Rodney Scott runs Scott’s Pit Cook Bar-B-Que in Hemingway, South Carolina with his parents and a couple of family members. The town is a very small dot on the map, halfway between Wilmington and Charleston and not really on the way to anywhere. That’s why it was absolutely crucial that Scott made the long trip north this past weekend to the Big Apple BBQ in New York City’s Madison Square Park. With apologies to Ed Mitchell, Scott’s supremely smoky pulled pork was the best porcine product I tried — soaked with a vinegar sauce and lined with squares of crunchy pig skin for good measure. I caught up with him just before diving into the plate.
This is the first time you have served on your own in NYC. How did you prepare?
I had a lot of help from the Jim N Nicks crew. They helped me a lot along the way. But we have planned a long time in advance — getting our grills here, figuring out our wood sources. It’s been a little tough, but we made it happen.
How many hogs are you serving?
We are doing 24.
Damn! Is that going to be enough?
For New York, probably not. But we are going to do our best to give them what they want.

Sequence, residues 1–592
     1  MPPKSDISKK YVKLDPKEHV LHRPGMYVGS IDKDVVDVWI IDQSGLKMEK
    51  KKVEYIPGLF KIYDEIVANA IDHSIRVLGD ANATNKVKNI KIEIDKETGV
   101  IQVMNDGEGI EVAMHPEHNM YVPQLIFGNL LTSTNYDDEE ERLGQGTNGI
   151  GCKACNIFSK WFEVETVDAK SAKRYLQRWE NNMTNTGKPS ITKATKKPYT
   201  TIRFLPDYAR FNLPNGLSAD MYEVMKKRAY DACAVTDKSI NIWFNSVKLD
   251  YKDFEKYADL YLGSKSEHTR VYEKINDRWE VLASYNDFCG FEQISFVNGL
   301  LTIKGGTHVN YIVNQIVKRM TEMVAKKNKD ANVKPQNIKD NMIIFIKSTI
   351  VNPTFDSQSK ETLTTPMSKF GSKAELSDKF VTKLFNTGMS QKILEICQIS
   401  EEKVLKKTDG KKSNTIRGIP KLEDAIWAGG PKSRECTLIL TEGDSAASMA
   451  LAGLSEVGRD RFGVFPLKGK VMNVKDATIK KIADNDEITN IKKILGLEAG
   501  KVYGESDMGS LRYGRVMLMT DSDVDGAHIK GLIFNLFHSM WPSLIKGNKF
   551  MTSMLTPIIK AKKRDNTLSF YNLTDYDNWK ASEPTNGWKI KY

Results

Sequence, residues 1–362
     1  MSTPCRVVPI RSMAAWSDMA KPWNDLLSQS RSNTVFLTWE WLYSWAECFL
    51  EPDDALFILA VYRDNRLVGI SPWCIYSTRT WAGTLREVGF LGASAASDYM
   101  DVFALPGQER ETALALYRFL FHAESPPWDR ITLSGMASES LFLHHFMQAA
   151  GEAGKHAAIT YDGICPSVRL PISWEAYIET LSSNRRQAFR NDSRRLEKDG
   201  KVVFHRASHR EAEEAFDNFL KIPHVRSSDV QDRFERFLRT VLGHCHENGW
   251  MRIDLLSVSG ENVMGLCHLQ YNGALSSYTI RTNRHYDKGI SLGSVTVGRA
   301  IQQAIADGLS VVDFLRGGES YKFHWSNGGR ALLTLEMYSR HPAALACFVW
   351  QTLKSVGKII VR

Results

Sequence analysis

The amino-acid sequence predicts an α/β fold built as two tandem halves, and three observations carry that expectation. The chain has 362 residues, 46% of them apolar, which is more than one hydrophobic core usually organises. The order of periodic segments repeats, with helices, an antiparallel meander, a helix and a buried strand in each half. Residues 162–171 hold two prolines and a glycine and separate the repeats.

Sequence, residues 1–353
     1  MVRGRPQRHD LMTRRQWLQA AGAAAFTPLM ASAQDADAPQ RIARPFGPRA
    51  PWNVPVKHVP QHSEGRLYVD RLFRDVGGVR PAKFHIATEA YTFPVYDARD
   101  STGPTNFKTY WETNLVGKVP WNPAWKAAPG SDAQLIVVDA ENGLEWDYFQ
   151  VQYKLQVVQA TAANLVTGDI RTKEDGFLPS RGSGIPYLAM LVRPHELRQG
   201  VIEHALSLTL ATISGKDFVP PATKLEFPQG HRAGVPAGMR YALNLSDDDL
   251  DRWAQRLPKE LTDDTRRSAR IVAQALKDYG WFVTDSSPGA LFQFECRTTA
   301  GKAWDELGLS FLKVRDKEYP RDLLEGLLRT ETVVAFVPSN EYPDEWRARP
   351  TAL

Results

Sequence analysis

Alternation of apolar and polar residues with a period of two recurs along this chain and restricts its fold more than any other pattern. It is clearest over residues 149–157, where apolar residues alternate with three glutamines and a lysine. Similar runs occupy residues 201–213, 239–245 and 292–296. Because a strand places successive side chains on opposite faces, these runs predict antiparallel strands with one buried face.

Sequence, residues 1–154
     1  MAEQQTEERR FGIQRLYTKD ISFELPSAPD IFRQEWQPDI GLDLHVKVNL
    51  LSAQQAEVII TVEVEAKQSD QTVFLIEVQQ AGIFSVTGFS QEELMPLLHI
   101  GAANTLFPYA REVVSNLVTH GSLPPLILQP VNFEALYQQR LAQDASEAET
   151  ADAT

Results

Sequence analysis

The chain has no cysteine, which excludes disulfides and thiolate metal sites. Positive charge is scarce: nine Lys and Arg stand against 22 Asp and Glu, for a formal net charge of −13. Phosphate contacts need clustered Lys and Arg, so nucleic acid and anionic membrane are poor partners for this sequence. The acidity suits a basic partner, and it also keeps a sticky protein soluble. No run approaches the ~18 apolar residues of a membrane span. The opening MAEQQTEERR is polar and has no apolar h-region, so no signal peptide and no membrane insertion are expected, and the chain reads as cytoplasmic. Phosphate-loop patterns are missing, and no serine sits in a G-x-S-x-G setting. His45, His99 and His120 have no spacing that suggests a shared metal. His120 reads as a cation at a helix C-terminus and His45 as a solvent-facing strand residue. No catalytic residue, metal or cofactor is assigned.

What have you been doing in NYC?
We got into town Thursday evening and went over to the John T. Edge book signing. We then went to dinner and started prepping for this event. Getting the eight grills set and making sure all the wood is in. Then we had dinner.
What did you have?
Crab cakes. No pork, no beef. You have to go all seafood.
It must be tough trying to replicate the barbecue you make down in South Carolina all the way up here in New York. What is the key?
We brought the love with us.
Do you see yourself expanding anytime soon?
We’re thinking about doing something in Charleston soon. It’s two hours south of Hemingway. We are at the drawing table now.
Describe your barbecue style.
South Carolina barbecue is usually defined by the sauce. Well, all barbecue regions are defined by the sauce. We have a vinegar and pepper base in our sauce. I’m in the lower eastern side of the state.
And it’s always pork?
We do some chicken and a little bit of turkey closer to Thanksgiving. We just added ribeyes on Saturdays. But it’s usually always pork.
How much are the ribeyes?
12 bucks. It’s a simple piece of meat bathed in our sauce, smoked over the grill.
Why should people travel to the middle of South Carolina to try your barbecue?
Because it’s made with love.